Crusaders set to be at full-strength for Super Rugby quarterfinal v Highlanders

Right wing Seta Tamanivalu scored two early tries to help the Crusaders jump out to a 12-0 lead over the Hurricanes on ...

Right wing Seta Tamanivalu scored two early tries to help the Crusaders jump out to a 12-0 lead over the Hurricanes on Saturday night, before the defending Super Rugby champions roared back to win 31-22.

Introducing five more All Blacks will mark the first step in the Crusaders' recovery process ahead of their Super Rugby quarterfinal against the Highlanders in Christchurch.

Hours could be wasted listening to one-eyed zealots ranting about the misdeeds bestowed upon the Crusaders during their 31-22 loss to the Hurricanes in Wellington on Saturday night, which denied them the Super Rugby minor premiership and, potentially, the chance to host a home final.

No point moaning, it's time to move on, Crusaders assistant coach Brad Mooar explained.

"It is something in which you must take a deep breath, and accept as a bit of medicine," Mooar said. "And use it to your advantage - to galvanise and focus going into what we always knew was going to be a home knock-out."

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Clearly the Crusaders have no option but to get into glass half-full mode ahead of the match at AMI Stadium next Saturday night.

The good news is they have some serious firepower to call upon; in addition to recalling their All Blacks front row of Joe Moody, Codie Taylor and Owen Franks, who were bashed-up during the series against the British and Irish Lions, they will start captain Sam Whitelock at lock and Ryan Crotty in the midfield.

The backline should be more cohesive with the return of Crotty, who has been recovering from a hamstring injury, which will probably result in Havili being shifted to fullback and Israel Dagg transferring to the right wing.

Having won 14 Super Rugby games as they marched into the Cake Tin, the Crusaders hoped to steam through the regular season unbeaten.

Now this defeat has raised questions about whether the team, as they have in seasons past, might pay the ultimate price for the major disruption of the test window.

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Mooar emphasised the importance of remaining calm against what is expected to be typically aggressive Highlanders side; although they have beaten them twice this season, they required magic plays by Seta Tamanivalu and Mitch Hunt in the dying moments to secure the wins.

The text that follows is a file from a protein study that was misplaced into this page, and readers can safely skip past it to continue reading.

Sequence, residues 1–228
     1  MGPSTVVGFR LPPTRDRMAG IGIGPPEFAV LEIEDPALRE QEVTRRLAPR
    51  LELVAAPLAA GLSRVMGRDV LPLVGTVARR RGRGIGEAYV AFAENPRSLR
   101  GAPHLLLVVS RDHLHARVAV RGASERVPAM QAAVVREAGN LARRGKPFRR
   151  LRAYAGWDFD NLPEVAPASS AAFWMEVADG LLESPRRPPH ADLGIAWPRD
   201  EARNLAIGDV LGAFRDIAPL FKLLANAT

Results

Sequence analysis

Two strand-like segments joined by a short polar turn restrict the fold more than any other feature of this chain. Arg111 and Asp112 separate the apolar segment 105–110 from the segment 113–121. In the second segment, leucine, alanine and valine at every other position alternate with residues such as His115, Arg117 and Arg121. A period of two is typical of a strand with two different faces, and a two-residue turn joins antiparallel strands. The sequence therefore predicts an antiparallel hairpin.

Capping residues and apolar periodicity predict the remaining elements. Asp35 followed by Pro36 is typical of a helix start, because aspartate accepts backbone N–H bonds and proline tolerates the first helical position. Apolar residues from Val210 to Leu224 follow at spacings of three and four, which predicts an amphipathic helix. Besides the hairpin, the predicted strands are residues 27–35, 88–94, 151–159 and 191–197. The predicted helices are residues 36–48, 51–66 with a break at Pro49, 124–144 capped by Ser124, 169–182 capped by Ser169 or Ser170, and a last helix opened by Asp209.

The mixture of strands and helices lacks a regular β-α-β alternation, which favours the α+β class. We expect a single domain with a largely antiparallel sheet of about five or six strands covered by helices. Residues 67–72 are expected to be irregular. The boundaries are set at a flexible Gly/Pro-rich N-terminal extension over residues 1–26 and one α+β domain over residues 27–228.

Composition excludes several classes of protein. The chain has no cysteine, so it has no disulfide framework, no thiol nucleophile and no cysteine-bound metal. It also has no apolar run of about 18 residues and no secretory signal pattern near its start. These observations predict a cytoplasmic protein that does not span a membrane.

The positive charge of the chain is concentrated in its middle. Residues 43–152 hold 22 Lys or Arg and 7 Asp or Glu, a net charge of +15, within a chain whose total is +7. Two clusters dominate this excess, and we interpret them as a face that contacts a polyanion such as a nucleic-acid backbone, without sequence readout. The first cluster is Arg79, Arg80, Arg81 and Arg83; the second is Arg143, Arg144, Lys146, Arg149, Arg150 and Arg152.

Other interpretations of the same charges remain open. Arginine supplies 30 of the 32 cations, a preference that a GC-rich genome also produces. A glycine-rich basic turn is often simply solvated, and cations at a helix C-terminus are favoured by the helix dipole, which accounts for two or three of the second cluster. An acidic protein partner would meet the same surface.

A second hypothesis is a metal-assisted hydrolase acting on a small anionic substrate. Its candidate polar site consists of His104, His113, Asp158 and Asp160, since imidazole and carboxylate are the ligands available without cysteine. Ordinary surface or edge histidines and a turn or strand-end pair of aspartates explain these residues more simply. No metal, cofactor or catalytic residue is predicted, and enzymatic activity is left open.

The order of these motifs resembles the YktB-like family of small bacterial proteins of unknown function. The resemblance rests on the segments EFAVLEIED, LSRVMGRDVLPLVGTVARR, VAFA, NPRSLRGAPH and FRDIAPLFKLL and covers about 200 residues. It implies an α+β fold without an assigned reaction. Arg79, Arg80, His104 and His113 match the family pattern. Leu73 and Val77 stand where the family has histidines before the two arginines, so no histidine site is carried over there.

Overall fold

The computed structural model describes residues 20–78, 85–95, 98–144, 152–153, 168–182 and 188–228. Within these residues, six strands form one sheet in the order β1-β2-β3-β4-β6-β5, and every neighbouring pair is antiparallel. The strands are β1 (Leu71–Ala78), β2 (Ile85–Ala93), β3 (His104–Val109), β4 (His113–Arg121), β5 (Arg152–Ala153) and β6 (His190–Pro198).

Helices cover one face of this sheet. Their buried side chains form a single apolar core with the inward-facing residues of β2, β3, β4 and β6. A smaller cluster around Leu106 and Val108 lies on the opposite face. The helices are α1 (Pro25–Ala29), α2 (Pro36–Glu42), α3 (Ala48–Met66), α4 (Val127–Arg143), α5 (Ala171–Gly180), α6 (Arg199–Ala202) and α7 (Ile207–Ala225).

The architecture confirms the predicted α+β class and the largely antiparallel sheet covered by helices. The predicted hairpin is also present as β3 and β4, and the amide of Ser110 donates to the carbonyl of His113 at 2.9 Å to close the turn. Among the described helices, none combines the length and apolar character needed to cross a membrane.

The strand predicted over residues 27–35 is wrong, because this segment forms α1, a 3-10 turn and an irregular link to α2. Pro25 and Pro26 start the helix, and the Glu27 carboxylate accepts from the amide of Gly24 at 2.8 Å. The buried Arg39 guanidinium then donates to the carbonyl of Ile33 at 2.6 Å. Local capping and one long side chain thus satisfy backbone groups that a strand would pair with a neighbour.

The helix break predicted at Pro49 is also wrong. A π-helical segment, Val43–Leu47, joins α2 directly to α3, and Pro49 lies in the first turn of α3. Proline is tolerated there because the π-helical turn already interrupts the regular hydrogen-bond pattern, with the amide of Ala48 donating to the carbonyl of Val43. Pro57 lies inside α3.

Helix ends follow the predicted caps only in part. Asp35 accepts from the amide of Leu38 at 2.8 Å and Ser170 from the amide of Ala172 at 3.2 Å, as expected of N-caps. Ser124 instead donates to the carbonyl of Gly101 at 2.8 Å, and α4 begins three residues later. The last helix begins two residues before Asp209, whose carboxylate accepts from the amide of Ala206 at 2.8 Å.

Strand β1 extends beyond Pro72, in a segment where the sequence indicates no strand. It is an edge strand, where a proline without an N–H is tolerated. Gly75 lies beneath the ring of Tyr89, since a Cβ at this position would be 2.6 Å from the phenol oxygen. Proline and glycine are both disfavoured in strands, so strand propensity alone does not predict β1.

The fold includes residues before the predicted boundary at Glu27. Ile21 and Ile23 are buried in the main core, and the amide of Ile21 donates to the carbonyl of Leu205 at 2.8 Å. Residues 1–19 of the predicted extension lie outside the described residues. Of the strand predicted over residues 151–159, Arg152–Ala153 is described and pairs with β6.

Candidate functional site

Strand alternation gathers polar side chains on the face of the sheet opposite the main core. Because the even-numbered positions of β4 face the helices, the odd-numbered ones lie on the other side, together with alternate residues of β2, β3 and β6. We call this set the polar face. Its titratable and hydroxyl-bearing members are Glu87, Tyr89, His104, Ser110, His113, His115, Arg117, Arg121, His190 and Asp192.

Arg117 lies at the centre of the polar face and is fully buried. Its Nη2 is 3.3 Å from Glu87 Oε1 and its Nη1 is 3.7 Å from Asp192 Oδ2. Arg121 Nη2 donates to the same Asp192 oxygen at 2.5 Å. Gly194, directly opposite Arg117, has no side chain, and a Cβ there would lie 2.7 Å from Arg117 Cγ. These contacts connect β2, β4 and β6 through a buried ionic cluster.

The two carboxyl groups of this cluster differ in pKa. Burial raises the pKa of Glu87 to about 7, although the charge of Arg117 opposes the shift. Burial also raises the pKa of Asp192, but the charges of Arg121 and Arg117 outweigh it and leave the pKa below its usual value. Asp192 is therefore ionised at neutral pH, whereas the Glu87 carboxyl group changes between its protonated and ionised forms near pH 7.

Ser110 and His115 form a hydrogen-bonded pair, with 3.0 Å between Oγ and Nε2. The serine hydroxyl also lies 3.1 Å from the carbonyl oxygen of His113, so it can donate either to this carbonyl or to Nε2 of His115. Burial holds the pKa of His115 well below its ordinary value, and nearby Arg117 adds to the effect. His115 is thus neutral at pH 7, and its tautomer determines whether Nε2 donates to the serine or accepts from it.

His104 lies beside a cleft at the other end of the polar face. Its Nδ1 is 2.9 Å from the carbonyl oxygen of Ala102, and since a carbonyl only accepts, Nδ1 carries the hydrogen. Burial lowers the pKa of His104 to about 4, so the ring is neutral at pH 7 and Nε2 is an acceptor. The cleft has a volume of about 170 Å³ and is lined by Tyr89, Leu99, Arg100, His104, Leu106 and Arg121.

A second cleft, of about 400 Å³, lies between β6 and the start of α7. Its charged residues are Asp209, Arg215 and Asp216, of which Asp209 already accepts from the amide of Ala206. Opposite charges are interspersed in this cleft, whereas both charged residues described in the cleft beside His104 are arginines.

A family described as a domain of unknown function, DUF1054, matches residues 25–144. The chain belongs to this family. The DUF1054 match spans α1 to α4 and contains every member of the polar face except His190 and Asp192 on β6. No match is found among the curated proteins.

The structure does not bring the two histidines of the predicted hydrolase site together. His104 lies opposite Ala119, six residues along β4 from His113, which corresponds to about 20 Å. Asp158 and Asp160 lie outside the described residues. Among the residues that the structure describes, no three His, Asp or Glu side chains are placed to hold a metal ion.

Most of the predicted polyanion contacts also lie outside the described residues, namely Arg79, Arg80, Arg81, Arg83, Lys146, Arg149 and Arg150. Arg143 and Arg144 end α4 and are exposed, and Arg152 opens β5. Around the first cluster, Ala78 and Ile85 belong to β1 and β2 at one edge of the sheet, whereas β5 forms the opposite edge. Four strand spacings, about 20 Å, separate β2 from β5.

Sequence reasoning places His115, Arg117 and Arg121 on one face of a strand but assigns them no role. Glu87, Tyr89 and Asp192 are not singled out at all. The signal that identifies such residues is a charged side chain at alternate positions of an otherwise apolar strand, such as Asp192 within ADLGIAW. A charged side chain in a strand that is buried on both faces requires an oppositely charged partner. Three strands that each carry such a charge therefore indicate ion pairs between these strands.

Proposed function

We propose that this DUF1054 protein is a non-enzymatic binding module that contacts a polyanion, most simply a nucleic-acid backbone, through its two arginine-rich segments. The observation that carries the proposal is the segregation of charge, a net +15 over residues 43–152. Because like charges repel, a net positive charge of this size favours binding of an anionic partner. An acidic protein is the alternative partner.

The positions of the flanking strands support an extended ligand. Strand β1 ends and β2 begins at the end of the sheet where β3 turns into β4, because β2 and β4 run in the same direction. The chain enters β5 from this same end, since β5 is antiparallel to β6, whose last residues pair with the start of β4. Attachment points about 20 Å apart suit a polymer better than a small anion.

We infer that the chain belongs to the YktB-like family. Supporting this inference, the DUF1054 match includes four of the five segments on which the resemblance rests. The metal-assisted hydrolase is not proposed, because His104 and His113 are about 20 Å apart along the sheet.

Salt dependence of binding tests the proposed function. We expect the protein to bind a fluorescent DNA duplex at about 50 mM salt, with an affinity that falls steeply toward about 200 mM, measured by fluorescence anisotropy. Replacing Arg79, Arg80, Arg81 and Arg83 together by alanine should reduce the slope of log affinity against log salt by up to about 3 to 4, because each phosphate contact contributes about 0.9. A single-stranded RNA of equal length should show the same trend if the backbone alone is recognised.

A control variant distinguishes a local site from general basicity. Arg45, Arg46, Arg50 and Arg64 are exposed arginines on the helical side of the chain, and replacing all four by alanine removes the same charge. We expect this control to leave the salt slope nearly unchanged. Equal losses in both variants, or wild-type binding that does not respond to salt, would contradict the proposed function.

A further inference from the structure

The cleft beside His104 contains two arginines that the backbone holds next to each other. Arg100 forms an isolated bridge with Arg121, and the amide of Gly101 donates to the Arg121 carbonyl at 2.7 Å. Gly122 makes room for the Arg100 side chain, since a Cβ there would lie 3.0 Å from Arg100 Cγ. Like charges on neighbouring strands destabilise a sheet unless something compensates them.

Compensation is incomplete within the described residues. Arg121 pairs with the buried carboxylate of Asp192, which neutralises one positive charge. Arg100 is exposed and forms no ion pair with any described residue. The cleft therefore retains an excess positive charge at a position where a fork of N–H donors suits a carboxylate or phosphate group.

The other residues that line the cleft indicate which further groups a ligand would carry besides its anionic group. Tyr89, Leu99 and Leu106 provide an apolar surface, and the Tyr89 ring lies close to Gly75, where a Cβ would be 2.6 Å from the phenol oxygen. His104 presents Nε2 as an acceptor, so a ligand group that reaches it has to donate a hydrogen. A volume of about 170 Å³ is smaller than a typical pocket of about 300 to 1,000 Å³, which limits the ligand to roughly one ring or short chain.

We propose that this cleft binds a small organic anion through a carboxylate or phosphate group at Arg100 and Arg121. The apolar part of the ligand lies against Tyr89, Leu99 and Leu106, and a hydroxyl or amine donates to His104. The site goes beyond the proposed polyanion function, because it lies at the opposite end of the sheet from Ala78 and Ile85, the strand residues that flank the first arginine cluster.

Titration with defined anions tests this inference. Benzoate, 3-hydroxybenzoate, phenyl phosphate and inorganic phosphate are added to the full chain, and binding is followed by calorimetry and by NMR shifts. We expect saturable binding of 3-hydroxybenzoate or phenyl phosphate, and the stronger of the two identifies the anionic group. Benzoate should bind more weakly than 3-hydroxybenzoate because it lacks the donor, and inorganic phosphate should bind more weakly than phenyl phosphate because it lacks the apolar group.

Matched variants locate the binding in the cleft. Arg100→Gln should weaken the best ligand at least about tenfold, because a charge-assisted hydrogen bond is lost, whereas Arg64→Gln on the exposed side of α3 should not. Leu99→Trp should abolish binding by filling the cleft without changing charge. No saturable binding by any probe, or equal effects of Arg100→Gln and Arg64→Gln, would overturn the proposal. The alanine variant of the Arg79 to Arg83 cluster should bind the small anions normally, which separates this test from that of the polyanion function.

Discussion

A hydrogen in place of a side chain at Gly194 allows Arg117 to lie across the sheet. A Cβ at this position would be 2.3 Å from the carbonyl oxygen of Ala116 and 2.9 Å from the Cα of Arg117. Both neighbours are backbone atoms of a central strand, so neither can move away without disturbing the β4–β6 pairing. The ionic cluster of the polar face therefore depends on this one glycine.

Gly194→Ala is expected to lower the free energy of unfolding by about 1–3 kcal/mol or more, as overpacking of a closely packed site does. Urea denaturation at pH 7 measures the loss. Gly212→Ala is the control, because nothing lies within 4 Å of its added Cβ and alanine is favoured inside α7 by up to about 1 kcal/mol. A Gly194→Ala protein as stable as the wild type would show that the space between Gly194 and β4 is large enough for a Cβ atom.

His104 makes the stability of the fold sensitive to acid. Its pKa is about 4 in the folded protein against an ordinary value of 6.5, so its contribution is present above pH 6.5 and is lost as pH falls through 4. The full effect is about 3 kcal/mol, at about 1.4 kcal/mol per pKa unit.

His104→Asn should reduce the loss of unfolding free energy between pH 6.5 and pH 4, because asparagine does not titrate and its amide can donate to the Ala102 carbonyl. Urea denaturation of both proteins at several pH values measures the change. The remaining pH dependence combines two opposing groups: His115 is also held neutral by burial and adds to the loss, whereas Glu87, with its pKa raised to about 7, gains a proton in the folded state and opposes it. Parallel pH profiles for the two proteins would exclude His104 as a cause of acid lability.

"We knew we were going to have the Highlanders or the Sharks (in the quarterfinal), and as a coaching group had prepared for both sides," Mooar said.

"One file went to the rubbish bin, and the other to the fore. No doubt the Highlanders will he happy to come to Christchurch in terms of less travel. But we will want to make it as uncomfortable as we can for them.

"Discipline and cutting down on errors, should be a good start to that."

Referee Glen Jackson spanked the Crusaders 17-8 in the penalty count in Wellington, and the visitors weren't thrilled midfielder Ngani Laumape wasn't penalised for a bruising high hit on David Havili in the 76th minute.

Some passionate Crusaders fans almost collapsed with fright each time Jackson pinged their team. Although some infringements were daft, other penalties, especially around the breakdown, were hard to understand.

Replacement halfback Mitchell Drummond made a terrific break off a lineout late in the game, falling just short of the tryline before being harshly penalised as he tried to place the ball for the oncoming cavalry.

But there is no escaping the fact that unless the Crusaders reduce the penalty count in other areas, the prospect of pitching out of the title race is real.

"We have had a look at what is avoidable," Mooar added. "You take the debate out of it and the decision has been made, certainly discipline is something that needs to - and will - improve.

"Then we will be much better for that."


 - Stuff

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